Photovoltaics Comes of Age

Solar panels are cheap enough to become a major component of green energy.
Originally posted at: MIT Technology Review

Zweibel-KenThe United States has supported research into photovoltaics for almost 40 years, recently with a 30 percent investment tax credit. Japan instituted incentives in the 1990s, when photovoltaics cost at least five times as much as residential electricity. In the new millennium, Germany instituted incentives an order of magnitude larger.

Thanks to these efforts, the cost of photovoltaic modules has dropped 40 percent in the last 18 months. Photovoltaic electricity now costs about 15 cents per kilowatt-hour in the best sunlight. That’s only twice the cost of wholesale electricity and wind. Costs are expected to continue decreasing, and electricity is worth more during the daytime than at night. That means this technology is finally cheap enough to become a significant element in plans to combat climate change and oil dependence.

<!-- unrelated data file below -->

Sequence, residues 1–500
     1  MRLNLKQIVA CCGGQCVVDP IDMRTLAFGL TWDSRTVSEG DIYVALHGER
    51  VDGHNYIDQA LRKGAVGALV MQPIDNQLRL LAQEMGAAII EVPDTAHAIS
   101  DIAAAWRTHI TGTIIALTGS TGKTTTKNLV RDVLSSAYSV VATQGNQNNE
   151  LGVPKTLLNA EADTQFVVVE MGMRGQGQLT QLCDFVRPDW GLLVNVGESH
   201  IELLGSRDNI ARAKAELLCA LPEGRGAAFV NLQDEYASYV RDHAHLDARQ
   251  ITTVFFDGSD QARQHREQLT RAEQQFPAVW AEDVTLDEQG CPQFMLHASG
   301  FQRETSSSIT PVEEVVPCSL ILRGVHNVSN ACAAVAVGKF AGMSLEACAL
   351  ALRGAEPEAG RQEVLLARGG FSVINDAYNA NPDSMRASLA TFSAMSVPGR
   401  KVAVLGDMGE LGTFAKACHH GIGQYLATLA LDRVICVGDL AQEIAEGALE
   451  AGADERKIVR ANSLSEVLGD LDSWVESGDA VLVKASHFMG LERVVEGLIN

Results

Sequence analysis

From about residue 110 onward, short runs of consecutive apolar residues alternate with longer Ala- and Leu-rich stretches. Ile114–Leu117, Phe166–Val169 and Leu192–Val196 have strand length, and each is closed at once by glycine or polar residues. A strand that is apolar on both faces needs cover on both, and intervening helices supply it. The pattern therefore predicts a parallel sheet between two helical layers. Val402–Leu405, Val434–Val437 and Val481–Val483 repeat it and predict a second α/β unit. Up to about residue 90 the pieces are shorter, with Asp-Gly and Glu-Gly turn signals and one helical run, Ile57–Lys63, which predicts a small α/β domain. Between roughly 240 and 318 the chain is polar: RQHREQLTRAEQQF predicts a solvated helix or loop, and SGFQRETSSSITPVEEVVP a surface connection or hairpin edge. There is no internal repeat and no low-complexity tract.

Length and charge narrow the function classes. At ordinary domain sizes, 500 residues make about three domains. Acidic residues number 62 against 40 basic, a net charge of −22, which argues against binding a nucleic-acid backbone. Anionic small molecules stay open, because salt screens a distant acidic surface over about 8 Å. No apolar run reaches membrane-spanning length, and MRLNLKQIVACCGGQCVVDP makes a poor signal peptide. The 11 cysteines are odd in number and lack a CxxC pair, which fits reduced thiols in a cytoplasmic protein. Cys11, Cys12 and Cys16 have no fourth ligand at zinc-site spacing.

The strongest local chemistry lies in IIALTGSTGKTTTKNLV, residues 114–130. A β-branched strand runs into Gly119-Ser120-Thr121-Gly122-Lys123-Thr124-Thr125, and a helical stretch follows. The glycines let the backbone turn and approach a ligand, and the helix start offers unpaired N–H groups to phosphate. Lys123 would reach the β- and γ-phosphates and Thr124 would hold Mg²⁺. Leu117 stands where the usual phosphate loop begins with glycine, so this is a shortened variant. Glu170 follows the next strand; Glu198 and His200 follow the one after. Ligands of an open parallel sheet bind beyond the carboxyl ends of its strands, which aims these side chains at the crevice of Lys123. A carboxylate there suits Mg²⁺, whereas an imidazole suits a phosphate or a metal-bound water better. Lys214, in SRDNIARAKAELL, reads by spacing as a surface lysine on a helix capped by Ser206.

Paula Mints on the Failure of Tenuous Films

photovoltaicsPaula Mints is a reputable delegate of the PV community elite. Her article in Solar Industry (November 2010) is not incorrect, it is just profound enough. Yes, to a high degree, tenuous film miscarried to modernize PV modules. But there are too many entertaining points to make out from her data to block there.

Perhaps Mints’ most conclusive tabular facts of the misfortune of tenuous films to modernize PV is her Figure 1, tenuous films share of total deliverables. She signifies that tenuous films’ share gone up in 1988 at 32% and gone down from there to 5% in 2004. Then it only picked up slightly to 17% by 2009. She didn’t take numbers from 2010, but push to the growth of Chinese silicon, tenuous film share may even go down in 2010. Is this the distinctive for a revolution?